rb07
Posts: 1400
Joined: Sun Aug 24, 2008 3:14 am

Re: How is the queue supposed to work?

Post by rb07 » Wed Jun 13, 2012 9:01 pm

dskchk wrote:Is the queue order supposed to survive a Transmission daemon restart?
No.

There is an old ticket which reported this problem, which actually is 2 problems, I wonder why you didn´t run into the first which is that queued torrents are paused on restart (unless you are using my modified Transmission-Qt for Windows port).

The second problem is the one addressed on the ticket, the order is not preserved (and there is no fix so far correcting that one).

The issue with the order in the queue could be that after start, transmission changes the order of the torrents. The daemon loads the torrent in inverse lexical order (I think -- I´ve been trying to preserve queue order, but its too difficult with the way queues are implemented, I´m abandoning that change).

dskchk
Posts: 20
Joined: Tue Feb 16, 2010 10:22 am

Re: How is the queue supposed to work?

Post by dskchk » Wed Jun 13, 2012 9:19 pm

Following up your message, I just found ticket 4484. I didn't notice this problem because all my queue is currently made up of stopped downloads.

Instead, I can't find a ticket for the queue order not preserved problem. I found ticket 4540 but it's closed as "works for me"... Is there any other open ticket for that?

This currently is a great penalty for the queue feature actually :-(

rb07
Posts: 1400
Joined: Sun Aug 24, 2008 3:14 am

Re: How is the queue supposed to work?

Post by rb07 » Thu Jun 14, 2012 1:14 am

dskchk wrote:all my queue is currently made up of stopped downloads
That doesn't make sense. Queued and stopped are different states.

Yes, it was ticket 4540 the one that mentioned the order, but the report is so messed up that the ticket was closed.

Anyway neither the state, nor the order are preserved. And that is a bug, minor bug, which doesn't affect me because I'm not stopping the daemon, but people who run the application on and off are affected.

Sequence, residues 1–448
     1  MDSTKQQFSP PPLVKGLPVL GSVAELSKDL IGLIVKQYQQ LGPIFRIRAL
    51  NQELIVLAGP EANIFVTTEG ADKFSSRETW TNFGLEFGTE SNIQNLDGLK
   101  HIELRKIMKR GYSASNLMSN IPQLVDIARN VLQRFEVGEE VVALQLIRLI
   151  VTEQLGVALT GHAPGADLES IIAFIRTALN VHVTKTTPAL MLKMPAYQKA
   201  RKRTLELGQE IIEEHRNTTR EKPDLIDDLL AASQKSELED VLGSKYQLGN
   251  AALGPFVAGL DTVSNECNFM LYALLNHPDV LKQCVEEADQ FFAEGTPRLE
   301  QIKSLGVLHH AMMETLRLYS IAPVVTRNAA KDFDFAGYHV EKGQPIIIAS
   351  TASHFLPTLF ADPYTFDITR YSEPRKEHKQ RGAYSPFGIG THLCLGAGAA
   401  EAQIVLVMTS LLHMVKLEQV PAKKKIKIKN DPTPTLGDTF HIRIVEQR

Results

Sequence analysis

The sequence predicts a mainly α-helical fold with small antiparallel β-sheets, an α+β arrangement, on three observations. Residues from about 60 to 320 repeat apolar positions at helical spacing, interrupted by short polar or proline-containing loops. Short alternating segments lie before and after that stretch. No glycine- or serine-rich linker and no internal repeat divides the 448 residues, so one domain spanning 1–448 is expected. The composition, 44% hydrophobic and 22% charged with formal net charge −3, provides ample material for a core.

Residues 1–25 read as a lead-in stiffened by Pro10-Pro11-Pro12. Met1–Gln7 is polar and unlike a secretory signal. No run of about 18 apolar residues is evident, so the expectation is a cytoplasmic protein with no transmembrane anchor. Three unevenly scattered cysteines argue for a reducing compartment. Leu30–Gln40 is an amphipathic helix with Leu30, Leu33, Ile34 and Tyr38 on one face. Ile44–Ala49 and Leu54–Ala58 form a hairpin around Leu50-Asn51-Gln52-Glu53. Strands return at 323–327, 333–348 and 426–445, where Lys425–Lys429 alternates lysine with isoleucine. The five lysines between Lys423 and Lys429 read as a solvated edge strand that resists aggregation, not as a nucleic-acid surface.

dskchk
Posts: 20
Joined: Tue Feb 16, 2010 10:22 am

Re: How is the queue supposed to work?

Post by dskchk » Thu Jun 14, 2012 8:08 am

rb07 wrote:
dskchk wrote:all my queue is currently made up of stopped downloads
That doesn't make sense. Queued and stopped are different states.
I can't understand this. I have X downloads in my Transmission instance. They are all stopped, but they are ordered based on queue order (you can move around your downloads within the web interface, for instance, or by using a remote client). One day I will decide to start (either forcibly or by queueing) some of them (typically the first ones in the list), because I don't want to download (all of) them right now, but it's comfortable for me to have them inside Transmission, ready to start. Why shouldn't this make sense? It's perfectly reasonable for me, as it is when you use any general purpose download manager.
rb07 wrote: Anyway neither the state, nor the order are preserved. And that is a bug, minor bug, which doesn't affect me because I'm not stopping the daemon, but people who run the application on and off are affected.
Well, you will have to upgrade, sooner or later. Unless you constrain yourself to have no downloads at all in Transmission before upgrading, you'll hit this bug. And if you have a long queue, I wouldn't consider this a "minor" issue...

rb07
Posts: 1400
Joined: Sun Aug 24, 2008 3:14 am

Re: How is the queue supposed to work?

Post by rb07 » Thu Jun 14, 2012 3:40 pm

It seems to me you are calling "queue" something else, so nothing you say makes sense. I'm talking about the state explicitly shown on some torrents, i.e. "queued for downloading". You seem to refer to the way the list is shown, which can be changed with the filters by using many different options, only one is queue order (and most torrents don't even have a queue order).